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A12 bypass project ‘would bring benefits for area’s growing economy’

PUBLISHED: 08:13 12 September 2017

Traffic sits on the A12 at Farnham following an accident north of the village. Picture: SIMON PARKER

Traffic sits on the A12 at Farnham following an accident north of the village. Picture: SIMON PARKER

Archant

Details of the two options for a bypass around four traffic-plagued villages on the A12 have been unveiled – and the project could cost around £100million.

Marlesford Farm Shop and Cafe on the A12 - the new bypass would cross land behind the premises. Picture: SARAH LUCY BROWN Marlesford Farm Shop and Cafe on the A12 - the new bypass would cross land behind the premises. Picture: SARAH LUCY BROWN

Villagers will be asked for their views on two routes – one a 60mph single carriageway and the other a 70mph dual carriageway – as part of a project aimed at improving quality of life for people in Farnham, Little Glemham, Stratford St Andrew and Marlesford and boosting the economy of the region.

It is a major step forward after more than 20 years of campaigning for action to end the growing traffic misery of living alongside the A12, and which residents fear will get worse if Sizewell C is built.

Both routes will leave the A12 heading north from Wickham Market where the current dual carriageway ends, just before the Marlesford Farm Cafe and Shop, to the east and going behind Marlesford Mill and around the villages, crossing the Alde and Ore rivers, to rejoin the A12 at a new roundabout at the A1094 at Friday Street.

The project will cut out the four-and-a-half mile single carriageway section through the villages where there have been many accidents, tailbacks due to congestion and problems with air quality.

Options for the Four Villages Bypass on the A12 Suffolk Energy Gateway route. Picture: SUFFOLK COUNTY COUNCIL Options for the Four Villages Bypass on the A12 Suffolk Energy Gateway route. Picture: SUFFOLK COUNTY COUNCIL

Public consultation starts today and county councillor Alexander Nicoll, member with special responsibility for highways information, is hoping many people will give their views.

He said: “The idea is to create a better route – not only relieving the problems of those living in the four villages but in terms of access to the wider region of East Suffolk by trying to support the economy and develop the economy while creating an easier and more efficient transport route.”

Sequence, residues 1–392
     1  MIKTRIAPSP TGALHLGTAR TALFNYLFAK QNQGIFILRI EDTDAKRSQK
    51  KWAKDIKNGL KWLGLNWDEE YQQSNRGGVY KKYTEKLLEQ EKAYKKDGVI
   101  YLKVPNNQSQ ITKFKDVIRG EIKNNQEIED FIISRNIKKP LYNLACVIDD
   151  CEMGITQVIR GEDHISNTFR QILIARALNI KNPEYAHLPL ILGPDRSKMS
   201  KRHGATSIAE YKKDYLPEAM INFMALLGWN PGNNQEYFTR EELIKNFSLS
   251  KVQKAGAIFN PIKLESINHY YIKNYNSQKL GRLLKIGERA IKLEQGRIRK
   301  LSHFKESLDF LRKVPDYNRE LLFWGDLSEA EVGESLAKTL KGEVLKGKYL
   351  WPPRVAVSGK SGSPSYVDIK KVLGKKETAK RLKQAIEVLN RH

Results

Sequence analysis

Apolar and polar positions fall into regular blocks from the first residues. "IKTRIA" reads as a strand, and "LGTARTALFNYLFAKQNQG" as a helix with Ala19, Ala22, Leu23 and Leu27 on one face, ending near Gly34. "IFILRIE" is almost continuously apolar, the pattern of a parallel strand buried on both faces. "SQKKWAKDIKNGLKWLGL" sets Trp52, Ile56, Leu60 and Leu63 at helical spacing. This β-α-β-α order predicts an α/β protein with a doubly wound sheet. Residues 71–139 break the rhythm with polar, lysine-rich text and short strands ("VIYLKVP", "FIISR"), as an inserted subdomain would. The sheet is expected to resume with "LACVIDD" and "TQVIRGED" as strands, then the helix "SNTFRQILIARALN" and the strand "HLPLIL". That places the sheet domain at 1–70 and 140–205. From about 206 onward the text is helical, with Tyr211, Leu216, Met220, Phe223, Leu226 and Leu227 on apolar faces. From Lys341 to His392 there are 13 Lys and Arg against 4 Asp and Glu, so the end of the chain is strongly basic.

The A12 between Ipswich and Lowestoft has been rebranded Suffolk’s Energy Gateway (SEGWay) and Mr Nicoll said the improved route would be vital for the existing nuclear industry and the growing offshore wind farm sector.

However, the bypass did not hinge on approval of proposals for the Sizewell C twin reactor – though EDF Energy could be made to contribute some funding towards the new road should the power station project be given the go-ahead.

A wind turbine is carried through the Farnham bend, taking up both carriageways. Picture: PETER NORRIS A wind turbine is carried through the Farnham bend, taking up both carriageways. Picture: PETER NORRIS

At this stage EDF has only said it will contribute towards a two-village bypass but Mr Nicoll said “four villages makes more sense than two if you are doing anything at all”.

The single carriageway bypass will cost about £50m and the dual carriageway £100m, though this is only a ballpark figure at this stage. Under the current proposals, the Government would be expected to fund 80% and the county and district council, and New Anglia LEP, who are working closely together on the scheme, the remainder.

Benefits of the proposed scheme would be to:

● Reduce congestion and journey delay;

People campaigning for the four villages bypass, now called the Suffolk Energy Gateway, in 2014. Picture: SARAH LUCY BROWN People campaigning for the four villages bypass, now called the Suffolk Energy Gateway, in 2014. Picture: SARAH LUCY BROWN

● Improve journey time reliability, providing support for the local economy and improved productivity;

● Provide the capacity required to enable, support and deliver growth across all economic sectors, including the potential future construction and operation of Sizewell C;

● Reduce accidents;

● Improve air quality and reduce noise for communities alongside the A12;

Some members of the Four Villages Bypass group campaigning in Farnham in 2014. Picture: SARAH LUCY BROWN Some members of the Four Villages Bypass group campaigning in Farnham in 2014. Picture: SARAH LUCY BROWN

● Future-proof the function of the A12 as part of Suffolk’s emerging Major Road Network.

Mr Nicoll said the consultation – which runs until October 25 – was the “starting gun” and a vital step foward for a major piece of infrastructure with many facets and benefits.

He said: “I am delighted to be able to share the two options we have developed to build a new bypass between Saxmundham and Wickham Market.

“As part of Suffolk’s Energy Gateway, this scheme aims to improve the road network and support economic growth in east Suffolk. This will enhance the quality of life for local people and future generations. Both proposed routes provide significant environmental and economic benefits, improving transport links, air quality and road safety.

Logo for the EADTs Bypass 4 the Villages campaign Logo for the EADTs Bypass 4 the Villages campaign

“It is vital that we understand and appreciate people’s views concerning this scheme before we submit our final case to Government. I urge all locally to have their say on this consultation.”

Two exhibition sessions will be held at the Riverside Centre, Stratford St Andrew, from 10am to 6pm, on September 20 and September 23. Full details of the proposals can also be viewed at www.suffolk.gov.uk/consulations

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